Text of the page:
10 Things You Should Ask Vendors Claiming to Manage Secondary Storage
As secondary volumes continue to grow exponentially, backing up, managing, and gaining insights from that data has never been more important for enterprises as it is today — especially if you think about disaster recovery, compliance, security and using that data to drive better customer experiences. But, as secondary data volumes continue to grow, so does another problem, which is mass data fragmentation, where data is so siloed (on-prem, in the cloud, and at the edge) that it’s nearly impossible to manage or derive insights from long term.
Mohit Aron, CEO of Cohesity (formerly co-founder and CTO of Nutanix), saw this mass data fragmentation problem years ago (2013) and created a true hyperconverged platform to directly address this issue — where customers can get rid of these data silos and easily manage backups, archives, analytics, testing and development, file shares, and object stores from a single pane of glass. This hyperconverged solution—available today—has changed the game in data management for scores of customers globally who are ditching legacy solutions in droves, embracing this more modern approach.
However, now, multiple vendors are desperately trying to also solve this data fragmentation problem by cobbling together a solution that they claim is hyperconverged secondary storage. Of course we’re flattered that they are finally embracing Mohit’s vision of hyperconverged secondary storage, but what they’ve come up with is really a mishmash of legacy products with a “semi-functional” management interface that is closer to “convergence” (circa 2009) than anything else.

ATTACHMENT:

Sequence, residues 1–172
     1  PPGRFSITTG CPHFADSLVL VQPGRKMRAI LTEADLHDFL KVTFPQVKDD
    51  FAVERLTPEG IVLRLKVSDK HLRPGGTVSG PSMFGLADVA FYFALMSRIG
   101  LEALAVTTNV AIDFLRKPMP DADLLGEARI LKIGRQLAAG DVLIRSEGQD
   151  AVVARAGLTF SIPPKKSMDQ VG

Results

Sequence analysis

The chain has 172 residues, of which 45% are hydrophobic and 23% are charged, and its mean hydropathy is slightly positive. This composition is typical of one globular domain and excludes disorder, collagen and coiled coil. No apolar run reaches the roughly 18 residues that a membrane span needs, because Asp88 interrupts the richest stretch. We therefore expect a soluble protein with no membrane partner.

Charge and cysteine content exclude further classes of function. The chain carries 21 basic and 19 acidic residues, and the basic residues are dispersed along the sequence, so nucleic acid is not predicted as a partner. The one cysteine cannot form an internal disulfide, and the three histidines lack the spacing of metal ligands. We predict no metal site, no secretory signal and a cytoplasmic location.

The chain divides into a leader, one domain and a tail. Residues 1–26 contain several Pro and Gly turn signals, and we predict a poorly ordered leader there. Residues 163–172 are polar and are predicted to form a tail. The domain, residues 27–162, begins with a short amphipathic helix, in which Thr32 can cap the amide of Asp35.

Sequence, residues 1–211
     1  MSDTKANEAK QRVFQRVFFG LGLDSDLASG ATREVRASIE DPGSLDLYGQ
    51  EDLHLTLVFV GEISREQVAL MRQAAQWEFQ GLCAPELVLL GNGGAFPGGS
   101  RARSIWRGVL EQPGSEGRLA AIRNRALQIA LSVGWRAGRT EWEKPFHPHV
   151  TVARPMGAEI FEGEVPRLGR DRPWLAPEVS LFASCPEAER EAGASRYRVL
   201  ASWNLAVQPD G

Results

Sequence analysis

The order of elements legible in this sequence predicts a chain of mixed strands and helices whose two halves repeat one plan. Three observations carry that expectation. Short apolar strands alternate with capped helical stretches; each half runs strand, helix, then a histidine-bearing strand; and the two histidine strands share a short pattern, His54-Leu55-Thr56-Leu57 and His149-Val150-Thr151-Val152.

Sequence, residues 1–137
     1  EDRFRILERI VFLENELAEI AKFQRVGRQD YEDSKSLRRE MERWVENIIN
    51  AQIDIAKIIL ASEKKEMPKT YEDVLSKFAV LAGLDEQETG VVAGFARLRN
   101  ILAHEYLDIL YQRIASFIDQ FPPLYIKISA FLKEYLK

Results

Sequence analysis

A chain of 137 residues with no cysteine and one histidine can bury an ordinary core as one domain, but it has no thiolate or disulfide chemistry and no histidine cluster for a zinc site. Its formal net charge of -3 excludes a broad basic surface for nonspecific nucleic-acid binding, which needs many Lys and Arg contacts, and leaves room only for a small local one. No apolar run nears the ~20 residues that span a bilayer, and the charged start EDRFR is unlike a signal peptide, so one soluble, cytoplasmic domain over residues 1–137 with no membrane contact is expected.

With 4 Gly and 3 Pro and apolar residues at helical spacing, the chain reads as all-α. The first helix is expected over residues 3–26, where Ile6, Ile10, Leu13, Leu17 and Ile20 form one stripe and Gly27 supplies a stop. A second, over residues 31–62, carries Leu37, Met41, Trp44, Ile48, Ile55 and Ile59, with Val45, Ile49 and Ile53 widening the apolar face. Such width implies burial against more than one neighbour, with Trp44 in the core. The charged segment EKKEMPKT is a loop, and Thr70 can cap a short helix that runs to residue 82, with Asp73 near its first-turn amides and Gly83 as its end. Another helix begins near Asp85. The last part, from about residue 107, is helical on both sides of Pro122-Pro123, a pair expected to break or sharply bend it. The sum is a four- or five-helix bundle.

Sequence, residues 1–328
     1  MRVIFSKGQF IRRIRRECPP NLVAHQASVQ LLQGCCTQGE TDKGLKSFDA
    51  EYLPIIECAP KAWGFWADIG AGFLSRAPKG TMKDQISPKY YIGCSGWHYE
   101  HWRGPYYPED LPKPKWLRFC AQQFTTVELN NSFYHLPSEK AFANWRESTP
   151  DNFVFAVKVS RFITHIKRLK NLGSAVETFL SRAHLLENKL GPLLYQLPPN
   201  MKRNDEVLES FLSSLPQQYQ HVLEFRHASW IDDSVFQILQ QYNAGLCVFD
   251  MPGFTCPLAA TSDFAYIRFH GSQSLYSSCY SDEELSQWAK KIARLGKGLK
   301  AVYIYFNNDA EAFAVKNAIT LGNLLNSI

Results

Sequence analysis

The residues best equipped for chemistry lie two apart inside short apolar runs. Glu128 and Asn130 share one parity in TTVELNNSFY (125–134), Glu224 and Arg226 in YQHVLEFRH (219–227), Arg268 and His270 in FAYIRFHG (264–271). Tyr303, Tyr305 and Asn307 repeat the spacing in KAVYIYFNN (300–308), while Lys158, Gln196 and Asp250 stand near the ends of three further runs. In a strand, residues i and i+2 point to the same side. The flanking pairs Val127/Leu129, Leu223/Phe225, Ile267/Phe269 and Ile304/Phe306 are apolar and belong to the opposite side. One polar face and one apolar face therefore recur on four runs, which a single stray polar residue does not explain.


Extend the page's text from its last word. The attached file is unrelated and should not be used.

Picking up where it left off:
Mass data fragmentation didn’t begin yesterday, and in fact has become more and more of a critical challenge over an extended period of time. Such a complex problem requires an authentic platform that is built from the ground up to not only bring these data silos together, but to make backup data and applications more productive—again—all from a single pane of glass. As you look to solve your mass data fragmentation challenges, we thought it would be helpful to provide a list of the top 10 questions you should ask vendors as you evaluate their claims of a hyperconverged secondary storage solution for your data.
- Resiliency – Starting from the infrastructure layer that continues to be ignored for secondary workloads. Resiliency is one of the most important aspects in organizations that run 24 x 7 operations. A failure in backup because of a failed node or backup/master server could mean a missed SLA and that increases risks for the business exponentially. Other workloads like test/dev, analytics, file/object etc. are even more sensitive to failure. Start by asking – is the solution resilient and highly available? Will any failure in the cluster/solution result in a failed backup or a secondary workload?
- Deduplication – As you consolidate multiple (and different types) of secondary workloads on the platform, ask if the solution employs global, and variable-block (sliding-window) deduplication for maximizing space efficiency across many different workload types that are categorized as secondary? Or is it limited to a fixed block implementation? Or is it limited within a specific type of content?